OperationsPorts and Logistics

Durban and Richards Bay ports suffer major disruption over violence

Operations at South Africa’s major ports, Durban and Richards Bay, and a freight rail line connecting Durban with the Gauteng province have been severely disrupted after days of violent protests in response to the government’s recent arrest of former president Jacob Zuma.

The South African logistics group Transnet said in a statement that force majeure had been declared on the NATCOR rail line.

The violence erupted last week in KwaZulu-Natal province, where Durban is located, and rapidly escalated into widespread looting and destruction in several other provinces. The South African government said it had arrested over 1,200 suspects in connection with public violence and looting.

The country’s largest crude oil refinery, Sapref, with 35% of refining capacity, has also declared force majeure and announced a temporary closure due to the ongoing violence and looting. It is a joint venture between Shell and BP.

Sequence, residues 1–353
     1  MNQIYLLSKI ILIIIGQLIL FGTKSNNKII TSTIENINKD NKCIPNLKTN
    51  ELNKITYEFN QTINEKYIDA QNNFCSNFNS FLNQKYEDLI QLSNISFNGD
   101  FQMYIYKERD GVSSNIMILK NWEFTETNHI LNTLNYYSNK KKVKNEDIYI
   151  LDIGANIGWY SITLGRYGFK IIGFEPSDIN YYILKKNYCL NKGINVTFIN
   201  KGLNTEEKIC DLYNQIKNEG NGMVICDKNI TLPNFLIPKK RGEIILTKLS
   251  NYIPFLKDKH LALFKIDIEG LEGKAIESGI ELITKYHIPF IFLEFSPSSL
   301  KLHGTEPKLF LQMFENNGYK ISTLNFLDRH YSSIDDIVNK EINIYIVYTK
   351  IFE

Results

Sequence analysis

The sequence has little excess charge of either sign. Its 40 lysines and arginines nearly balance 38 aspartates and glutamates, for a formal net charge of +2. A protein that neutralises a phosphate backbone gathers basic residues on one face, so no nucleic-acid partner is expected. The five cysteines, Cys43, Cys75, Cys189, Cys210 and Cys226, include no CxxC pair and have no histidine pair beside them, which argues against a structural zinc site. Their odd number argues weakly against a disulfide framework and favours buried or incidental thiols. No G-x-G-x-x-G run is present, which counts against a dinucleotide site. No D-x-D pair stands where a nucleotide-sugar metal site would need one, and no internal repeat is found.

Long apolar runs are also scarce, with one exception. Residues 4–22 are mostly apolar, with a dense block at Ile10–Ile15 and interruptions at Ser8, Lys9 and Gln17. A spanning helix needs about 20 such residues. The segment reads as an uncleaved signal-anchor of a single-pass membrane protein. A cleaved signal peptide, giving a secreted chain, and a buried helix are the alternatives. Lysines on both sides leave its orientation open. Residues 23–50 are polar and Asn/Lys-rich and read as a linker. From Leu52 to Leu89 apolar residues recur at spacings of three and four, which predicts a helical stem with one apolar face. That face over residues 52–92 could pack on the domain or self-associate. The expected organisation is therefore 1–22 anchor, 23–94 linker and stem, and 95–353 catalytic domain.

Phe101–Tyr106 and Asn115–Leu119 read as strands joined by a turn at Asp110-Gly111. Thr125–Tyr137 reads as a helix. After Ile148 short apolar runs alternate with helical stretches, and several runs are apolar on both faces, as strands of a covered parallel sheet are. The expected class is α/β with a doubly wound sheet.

Transnet said it was deploying resources to avert commercial fuel operations being affected, after being served with a force majeure notice by Sapref.

Durban is one of Africa’s busiest container ports, behind Tangiers in Morocco and Port Said in Egypt, and an import hub for crude oil and petroleum products. Richards Bay houses a major coal export terminal. Two weeks ago, mining giant Rio Tinto ceased operations at Richards Bay Minerals (RBM) in South Africa due to an escalation in security issues.

According to Transnet, the entire supply chain is closed, including roads in and out of the Durban and Richards Bay ports. It also stated that the South African National Defence Force (SANDF) has been deployed to certain parts of the Durban port and confirmed that a video showing containers being vandalised is not at any of its ports, or any of Transnet’s facilities.

Adis Ajdin

Adis is an experienced news reporter with a backgroud in finance, media and education. He has written across the spectrum of offshore energy and ocean industries for many years and is a member of International Federation of Journalists. Previously he had written for Navingo media group titles including Offshore Energy, Subsea World News and Marine Energy.
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